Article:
Preventive Maintenance—No Longer Optional

Preventive Maintenance—No Longer Optional

By James Bourassa / Published May 2024

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What Is Preventive Maintenance?

     Preventive maintenance refers to the routine maintenance tasks performed on the association’s physical assets and mechanical equipment components. It is prudent to have preventive maintenance items on a recurring schedule. Preventive maintenance is performed to help extend the life of the different assets and equipment within the community’s property, decrease repair costs, limit liability, and prevent the likelihood of equipment failure and unplanned downtime. Examples of preventive maintenance include  detailed inspections of the assets and equipment, cleaning equipment regularly to limit dirt and dust buildup, lubricating equipment to limit premature wearing, optimizing energy efficiency, and making repairs and replacing defective parts to prevent equipment failure.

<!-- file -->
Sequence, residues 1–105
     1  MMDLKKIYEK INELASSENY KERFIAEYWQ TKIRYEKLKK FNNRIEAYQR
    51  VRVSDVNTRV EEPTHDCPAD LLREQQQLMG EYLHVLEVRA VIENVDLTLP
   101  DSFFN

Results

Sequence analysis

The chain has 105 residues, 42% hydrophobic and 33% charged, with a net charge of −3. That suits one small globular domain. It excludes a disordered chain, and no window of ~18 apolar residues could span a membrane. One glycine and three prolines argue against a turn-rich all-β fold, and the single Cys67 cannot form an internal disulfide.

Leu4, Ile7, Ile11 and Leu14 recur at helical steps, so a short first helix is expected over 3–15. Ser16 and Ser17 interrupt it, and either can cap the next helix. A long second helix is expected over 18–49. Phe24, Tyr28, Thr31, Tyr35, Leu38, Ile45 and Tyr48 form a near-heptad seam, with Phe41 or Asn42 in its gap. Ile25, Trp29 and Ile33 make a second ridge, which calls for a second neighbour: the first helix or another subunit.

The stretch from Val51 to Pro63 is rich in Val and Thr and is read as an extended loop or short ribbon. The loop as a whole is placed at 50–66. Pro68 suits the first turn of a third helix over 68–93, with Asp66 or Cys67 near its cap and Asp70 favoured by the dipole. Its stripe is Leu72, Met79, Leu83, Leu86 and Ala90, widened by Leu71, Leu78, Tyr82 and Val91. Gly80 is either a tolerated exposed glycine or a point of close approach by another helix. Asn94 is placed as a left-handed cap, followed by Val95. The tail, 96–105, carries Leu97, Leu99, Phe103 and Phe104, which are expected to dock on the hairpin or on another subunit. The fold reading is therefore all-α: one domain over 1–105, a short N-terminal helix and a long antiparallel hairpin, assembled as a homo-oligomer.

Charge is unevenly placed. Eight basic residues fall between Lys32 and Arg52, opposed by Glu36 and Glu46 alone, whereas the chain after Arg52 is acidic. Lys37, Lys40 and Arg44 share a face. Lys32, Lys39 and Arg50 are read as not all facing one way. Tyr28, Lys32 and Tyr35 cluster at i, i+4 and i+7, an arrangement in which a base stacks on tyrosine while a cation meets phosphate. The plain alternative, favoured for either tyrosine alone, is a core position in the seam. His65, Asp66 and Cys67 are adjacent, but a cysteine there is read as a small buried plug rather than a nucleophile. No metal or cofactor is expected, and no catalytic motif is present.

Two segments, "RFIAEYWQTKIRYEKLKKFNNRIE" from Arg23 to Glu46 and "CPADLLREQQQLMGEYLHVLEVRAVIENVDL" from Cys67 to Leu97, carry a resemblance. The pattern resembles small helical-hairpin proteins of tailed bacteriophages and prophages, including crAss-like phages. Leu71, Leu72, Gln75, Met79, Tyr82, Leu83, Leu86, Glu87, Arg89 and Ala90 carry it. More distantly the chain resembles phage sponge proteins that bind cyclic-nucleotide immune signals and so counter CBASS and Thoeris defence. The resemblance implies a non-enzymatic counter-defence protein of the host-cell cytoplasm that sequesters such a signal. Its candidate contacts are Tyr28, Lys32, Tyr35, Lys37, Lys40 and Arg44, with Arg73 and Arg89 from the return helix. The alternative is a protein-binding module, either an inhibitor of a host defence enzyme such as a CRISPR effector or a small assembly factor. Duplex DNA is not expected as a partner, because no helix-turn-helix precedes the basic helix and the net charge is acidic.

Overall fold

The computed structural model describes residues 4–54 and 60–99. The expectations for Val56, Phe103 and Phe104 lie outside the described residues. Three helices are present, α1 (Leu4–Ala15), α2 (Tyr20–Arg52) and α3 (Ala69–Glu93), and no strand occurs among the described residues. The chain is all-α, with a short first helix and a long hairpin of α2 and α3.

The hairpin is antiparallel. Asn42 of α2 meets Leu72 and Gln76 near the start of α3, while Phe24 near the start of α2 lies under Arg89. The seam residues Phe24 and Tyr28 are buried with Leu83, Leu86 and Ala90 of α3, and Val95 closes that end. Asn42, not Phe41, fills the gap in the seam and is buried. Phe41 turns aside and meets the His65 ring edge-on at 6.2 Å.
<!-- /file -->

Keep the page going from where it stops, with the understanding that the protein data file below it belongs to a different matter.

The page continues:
Why Is Preventive Maintenance Critical?

     Associations often offer impressive amenities and services. Examples include recreational centers, buildings, clubhouses, fitness centers, swimming pools, rooftops, and other specialty facilities. Communities that do not invest in a proper plan run the risk of deteriorating at a faster rate, which can result in decreasing property values. Maintaining the value and aesthetics of the association amenities and having a comprehensive preventive maintenance program are key components to a successful partnership between the association and the management company.